From Novice to Adept: Embracing Idioms

| 2 Comments

If you ever want to annoy a native speaker of a language you're learning, translate idioms from your primary language literally into the other language. For example, if you're learning Spanish and you come across something surprising or perplexing, yell out "¡Santa vaca!" as loudly as you can within earshot of native Spanish speakers.

The best response I usually get is "That... doesn't mean what you think it means."

I smile knowingly.

It's easy to see similar behavior from novice programmers who haven't learned the idioms of their new language, as well. Baby Perl can be clunky due to lack of understanding of language features, but it can also be clunky due to lack of understanding of language idioms.

You can see this in iterating over arrays:

# Baby Perl

for (my $i = 0; $i < scalar @items; ++$i)
{
    my $item = $items[$i];
    ...
}

... which uses the C-style for loop, introducing a temporary variable unrelated to the problem, and often succumbs to fencepost errors. The Perl 5 idiom is simple iteration with a foreach loop (spelled for because it's shorter and equivalent, keyword-wise):

for my $item (@items)
{
    ...
}

(Amusingly, when I wrote the C-style loop, I left the sigil off of $i. Although you occasionally need this type of loop in Perl 5, it's rare. I write it often enough in C that my fingers write C and never Perl here.)

Another Perl 5 idiom causes a semi-frequent misunderstanding. Here's the idiom for reading from a file through iteration, assuming you have a lexical filehandle stored in $fh:

while (<$fh>)
{
    chomp;
    ...
}

It's common to see Baby Perl which reads all of the lines of a file into an array and then iterates through that array with a C-style loop:

# Baby Perl
my @lines = <$fh>;

for (my $i = 0; $i < scalar @lines; ++i)
{
    ...
}

One problem here is the missing chomp to strip off the input record separator from each line; that bites a lot of people. Another problem is that Perl 5 isn't lazy enough to read lines only as you access them in @lines; it populates the entire array in memory. The while version is much more parsimonious. That's subtle, but it surprises people.

The biggest surprise comes from people who consider <$fh> to refer to the filehandle, when it's mere syntax for an operator named readline(). This leads to code that appears to skip every other line in a file:

# probably buggy code

while (<$fh>)
{
    my $line = <$fh>;
    ...
}

There are plenty of other interesting idioms, such as list and hash slices, true-or and defined-or assignment, the temporary empty list operator, and more. The best way to learn these idioms is to read good code. I spent a lot of time browsing PerlMonks and trying to answer questions (even if I didn't post answers). Another good approach is to browse perldoc perlfaq.

Mostly, I believe there's no substitute for experience and code review from experienced developers. It may be painful to expose your hard work to a harsh and unforgiving world, but if you can get past your ego and take the hard-won advice of others to heart, you'll always learn something interesting.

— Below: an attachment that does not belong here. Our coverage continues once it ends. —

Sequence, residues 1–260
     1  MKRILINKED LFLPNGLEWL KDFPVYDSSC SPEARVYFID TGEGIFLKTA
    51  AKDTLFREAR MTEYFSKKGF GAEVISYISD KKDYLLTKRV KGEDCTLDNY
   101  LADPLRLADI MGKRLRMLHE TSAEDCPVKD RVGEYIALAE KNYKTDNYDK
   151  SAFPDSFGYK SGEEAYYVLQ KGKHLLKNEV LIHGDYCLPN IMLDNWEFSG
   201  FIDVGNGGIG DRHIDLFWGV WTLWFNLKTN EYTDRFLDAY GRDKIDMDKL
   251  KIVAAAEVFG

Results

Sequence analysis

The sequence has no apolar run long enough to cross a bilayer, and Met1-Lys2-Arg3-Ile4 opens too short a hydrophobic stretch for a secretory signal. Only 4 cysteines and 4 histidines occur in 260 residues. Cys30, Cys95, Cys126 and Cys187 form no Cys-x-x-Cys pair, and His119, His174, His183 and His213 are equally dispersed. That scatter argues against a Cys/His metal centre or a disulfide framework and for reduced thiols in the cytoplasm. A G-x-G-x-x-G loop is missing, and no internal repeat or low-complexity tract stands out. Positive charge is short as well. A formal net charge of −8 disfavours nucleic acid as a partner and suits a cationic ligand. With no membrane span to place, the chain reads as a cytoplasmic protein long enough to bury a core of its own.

That doesn't excuse harsh, demeaning, and abusive behavior, of course -- but that's a different problem. Your local Perl Mongers group or mailing list can be a friendlier place to start than many Perl IRC channels or newsgroups. The Perl Beginners mailing list is a great resource as well. Start there.

2 Comments

The only thing I didn't recognize by name is the "temporary empty list operator" ... do you mean this?

my $foo_count =()= @foo;

Of course I'm sure you know its more informal name! ;-)

I agree with you about it. However, idioms are nice and dandy, but naturally, when going on IRC, one can often open the Pandora box of the colour of the bike shed argument. For example should it be:

Person->new(
   first => "Sophie",
   'last' => "Cohen",
   birth_year => 1977,
);

Or:

Person->new({
    first => "Sophie",
    'last' => "Cohen",
    birth_year => 1977,
});

(with a hash ref)

I tend to think the second option is better because it's probably a bit faster (not that it matters a lot), and because it will warn about an "odd number of hash elements" earlier, but there's a lot of code on CPAN out there that uses the first option, because it involves somewhat less syntax. In one of my modules, I supported only the second option, and a programmer who was after my T-shirt offer, implemented convulted code to have it either with a single hash-ref or flattened into @_, which I had to reject.

Naturally, this is just the tip of the iceberg. Brace indentation, placement of HTML opening and closing tags, whether HTML should be nicely indented (even if generated by a server-side language), or instead occupy as little space as possible, whether you should sub-class sub new {... } or sub _init {....} etc. etc. are all a matter of much debate, and they are pretty much a bike shed colour's argument (while they often do have some points for and against).

I think it's important for a beginner (in Perl or in any other language) to distinguish between such minor matters and non-idiomatic code, and that it is even more important for an expert to see past his own preferences for the bike shed's colour when helping newcomers.

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This page contains a single entry by chromatic published on October 20, 2009 12:53 PM.

From Novice to Adept: Cleaning Up Bad Code was the previous entry in this blog.

From Novice to Adept: Embrace the Copious Documentation is the next entry in this blog.

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